I think a good amount of UMass Boston students went home to their parents for this quarantine. Whether you were staying in the dorms, have an apartment on or off campus, or whatever your living situation may have been, many students decided to go home to their family. For a little over a month, I thought I wasn’t going to do that, and I would stay in my apartment in the city. However, the city started feeling like it was getting smaller. I can’t really explain it other than bringing up the saying, “the silence was deafening.” As the city “slept,” or really, just stayed inside, I couldn’t stand to be there anymore. The people and human interaction I craved that had brought me to the city in the first place was now gone. It felt like an abandoned city, and I hate being on my own so I packed my bags and went “home.”
My family lives about an hour and a half to two hours away from Boston in a car ride. I don’t have a car with me in Boston, so I called my mom late one night to ask her to come get me. I’m lucky enough that she didn’t ask why, just simply when. I just needed to get out; I didn’t want to talk about it or think about it. As I was picked up, I packed all my things in the car: laundry, school supplies, my bunny and whatever she needs, and some comfortable clothes. Getting home meant that I would have a car to drive aimlessly with and sing as loud as I wanted to along with my music without having to worry about bothering anyone else. It meant that I didn’t have to cook my every meal (thank you, mom!) and that I could hangout with old friends, talking through our car window cracks. Being home meant that I could see the family dog and order from my favorite coffee shop to go. All the little things in life that would bring me joy before moving to Boston, I was coming home for.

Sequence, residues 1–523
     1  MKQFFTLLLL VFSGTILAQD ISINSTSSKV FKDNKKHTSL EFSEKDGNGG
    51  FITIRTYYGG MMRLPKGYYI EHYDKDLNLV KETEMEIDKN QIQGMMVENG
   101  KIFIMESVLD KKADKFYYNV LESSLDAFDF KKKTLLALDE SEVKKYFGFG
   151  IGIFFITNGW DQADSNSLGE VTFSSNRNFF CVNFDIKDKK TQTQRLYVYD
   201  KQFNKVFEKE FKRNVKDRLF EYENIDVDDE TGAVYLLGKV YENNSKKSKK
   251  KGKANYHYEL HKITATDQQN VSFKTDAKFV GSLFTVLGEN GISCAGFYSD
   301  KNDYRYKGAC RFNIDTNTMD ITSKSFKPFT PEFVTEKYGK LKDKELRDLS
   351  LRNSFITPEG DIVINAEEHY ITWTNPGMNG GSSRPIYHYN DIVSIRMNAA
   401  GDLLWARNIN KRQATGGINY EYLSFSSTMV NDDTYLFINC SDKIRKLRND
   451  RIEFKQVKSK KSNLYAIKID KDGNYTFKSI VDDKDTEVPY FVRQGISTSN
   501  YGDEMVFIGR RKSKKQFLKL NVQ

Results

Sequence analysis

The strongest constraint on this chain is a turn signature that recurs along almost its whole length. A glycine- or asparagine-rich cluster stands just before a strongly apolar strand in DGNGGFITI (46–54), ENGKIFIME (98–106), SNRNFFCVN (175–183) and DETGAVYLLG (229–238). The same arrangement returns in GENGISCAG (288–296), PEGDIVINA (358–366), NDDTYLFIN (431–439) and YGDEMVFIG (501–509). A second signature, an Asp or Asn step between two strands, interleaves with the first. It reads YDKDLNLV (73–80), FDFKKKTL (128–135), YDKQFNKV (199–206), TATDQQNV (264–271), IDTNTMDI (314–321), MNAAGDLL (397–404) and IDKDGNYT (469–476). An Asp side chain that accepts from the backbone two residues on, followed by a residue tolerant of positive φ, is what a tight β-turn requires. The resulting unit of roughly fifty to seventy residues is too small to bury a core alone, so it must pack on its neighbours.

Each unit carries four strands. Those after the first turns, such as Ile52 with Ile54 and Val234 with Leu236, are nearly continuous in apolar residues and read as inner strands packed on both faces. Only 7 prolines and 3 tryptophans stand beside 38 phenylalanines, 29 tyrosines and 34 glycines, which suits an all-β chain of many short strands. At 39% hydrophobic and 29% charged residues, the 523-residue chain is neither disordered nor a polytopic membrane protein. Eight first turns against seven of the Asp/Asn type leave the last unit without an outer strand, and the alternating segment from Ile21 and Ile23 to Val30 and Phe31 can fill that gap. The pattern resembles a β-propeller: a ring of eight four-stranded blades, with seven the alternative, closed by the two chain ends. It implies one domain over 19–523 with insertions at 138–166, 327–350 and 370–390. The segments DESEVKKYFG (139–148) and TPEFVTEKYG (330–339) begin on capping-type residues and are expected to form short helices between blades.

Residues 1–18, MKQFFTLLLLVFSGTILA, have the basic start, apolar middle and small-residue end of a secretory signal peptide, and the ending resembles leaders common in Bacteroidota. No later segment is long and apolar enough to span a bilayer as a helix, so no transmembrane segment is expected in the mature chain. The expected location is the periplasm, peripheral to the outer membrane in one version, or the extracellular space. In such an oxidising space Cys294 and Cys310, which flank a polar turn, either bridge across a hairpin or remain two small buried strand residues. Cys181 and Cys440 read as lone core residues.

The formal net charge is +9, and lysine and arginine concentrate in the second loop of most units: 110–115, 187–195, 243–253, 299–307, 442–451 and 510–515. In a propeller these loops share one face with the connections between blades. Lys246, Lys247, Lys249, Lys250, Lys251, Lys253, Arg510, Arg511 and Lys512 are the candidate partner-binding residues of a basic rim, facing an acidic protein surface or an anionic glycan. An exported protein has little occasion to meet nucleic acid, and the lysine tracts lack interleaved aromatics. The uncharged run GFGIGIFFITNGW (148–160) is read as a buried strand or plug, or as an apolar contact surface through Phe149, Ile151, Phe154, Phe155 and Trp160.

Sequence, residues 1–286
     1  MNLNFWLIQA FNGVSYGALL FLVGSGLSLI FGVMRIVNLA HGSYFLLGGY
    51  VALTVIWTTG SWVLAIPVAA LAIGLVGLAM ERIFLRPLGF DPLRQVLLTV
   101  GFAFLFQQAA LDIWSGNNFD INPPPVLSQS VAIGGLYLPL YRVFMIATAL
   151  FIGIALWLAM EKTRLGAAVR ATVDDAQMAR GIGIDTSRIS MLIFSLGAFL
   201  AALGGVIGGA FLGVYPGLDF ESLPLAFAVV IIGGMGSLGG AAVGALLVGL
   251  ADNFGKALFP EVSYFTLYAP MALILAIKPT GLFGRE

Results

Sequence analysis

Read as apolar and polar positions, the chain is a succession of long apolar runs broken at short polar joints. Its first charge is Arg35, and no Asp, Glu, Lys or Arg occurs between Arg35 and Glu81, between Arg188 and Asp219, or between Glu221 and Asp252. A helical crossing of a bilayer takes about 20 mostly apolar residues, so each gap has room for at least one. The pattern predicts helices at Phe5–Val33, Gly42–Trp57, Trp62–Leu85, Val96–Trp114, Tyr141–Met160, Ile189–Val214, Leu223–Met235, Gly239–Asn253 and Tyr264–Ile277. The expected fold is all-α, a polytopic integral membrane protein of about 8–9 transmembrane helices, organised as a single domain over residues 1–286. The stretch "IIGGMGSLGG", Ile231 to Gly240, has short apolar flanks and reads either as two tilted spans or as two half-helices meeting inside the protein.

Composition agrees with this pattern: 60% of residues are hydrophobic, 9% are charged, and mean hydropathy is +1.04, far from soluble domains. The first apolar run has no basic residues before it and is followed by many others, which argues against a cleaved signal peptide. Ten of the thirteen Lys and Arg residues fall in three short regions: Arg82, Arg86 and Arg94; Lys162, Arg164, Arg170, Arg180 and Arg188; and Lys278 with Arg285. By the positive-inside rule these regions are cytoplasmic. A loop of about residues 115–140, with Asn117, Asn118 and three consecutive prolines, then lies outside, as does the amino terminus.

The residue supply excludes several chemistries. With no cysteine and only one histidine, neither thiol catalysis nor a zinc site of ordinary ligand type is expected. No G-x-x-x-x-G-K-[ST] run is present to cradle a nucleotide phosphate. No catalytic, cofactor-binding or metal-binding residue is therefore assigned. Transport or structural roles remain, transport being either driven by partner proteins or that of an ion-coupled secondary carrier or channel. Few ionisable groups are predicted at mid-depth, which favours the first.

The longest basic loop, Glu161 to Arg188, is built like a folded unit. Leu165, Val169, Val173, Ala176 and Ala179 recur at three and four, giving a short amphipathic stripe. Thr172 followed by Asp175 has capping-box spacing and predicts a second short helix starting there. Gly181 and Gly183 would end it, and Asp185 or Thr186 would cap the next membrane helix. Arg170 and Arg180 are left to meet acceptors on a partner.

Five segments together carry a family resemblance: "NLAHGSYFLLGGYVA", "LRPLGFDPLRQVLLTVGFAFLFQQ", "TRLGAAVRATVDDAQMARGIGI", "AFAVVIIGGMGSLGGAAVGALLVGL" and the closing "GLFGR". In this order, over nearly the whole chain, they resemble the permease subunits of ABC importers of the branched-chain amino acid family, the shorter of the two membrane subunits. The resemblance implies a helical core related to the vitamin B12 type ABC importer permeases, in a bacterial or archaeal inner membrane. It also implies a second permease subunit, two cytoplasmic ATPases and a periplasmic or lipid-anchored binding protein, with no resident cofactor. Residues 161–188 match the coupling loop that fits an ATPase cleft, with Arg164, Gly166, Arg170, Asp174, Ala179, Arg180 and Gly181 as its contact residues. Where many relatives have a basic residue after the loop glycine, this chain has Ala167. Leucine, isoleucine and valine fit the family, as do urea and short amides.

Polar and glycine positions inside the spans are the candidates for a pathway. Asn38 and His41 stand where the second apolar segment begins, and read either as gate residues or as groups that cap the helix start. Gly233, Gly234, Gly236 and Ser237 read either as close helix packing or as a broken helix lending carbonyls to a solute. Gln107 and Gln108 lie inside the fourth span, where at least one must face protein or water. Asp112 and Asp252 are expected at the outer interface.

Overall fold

Funny enough, originally I wanted to stay in my apartment because I pay a hefty amount in rent, and I should be in the place I’m paying to live at. However, now that I’m home and the city I know is not the city I would be returning to, I don’t really want to leave. It’s nice to play games with my family or walk through my neighborhood going to the park and pond nearby. I am very fortunate in that I get along better with my family than I remembered. Yes, I still bicker with my brother here and there, but overall, I think the distance of me moving to Boston made things much easier on us to get along. Being quarantined with anyone isn’t easy, but my family allows me to have as much independence as I want, which is vital to me. I am huge on having alone time unbothered in my room, or just going away in my car to do my own thing. As much as I love spending time with other people, I’m realizing I love to spend time on my own as well.
I think the break I took from the city was needed, almost like there was a toxic, unhappy layer that I left behind there. I hope I have a clear enough head when I decide to go back, and that things will be different—not only for me but for everyone. I hope this break from life will make everyone appreciate the little things more, because it definitely has for me.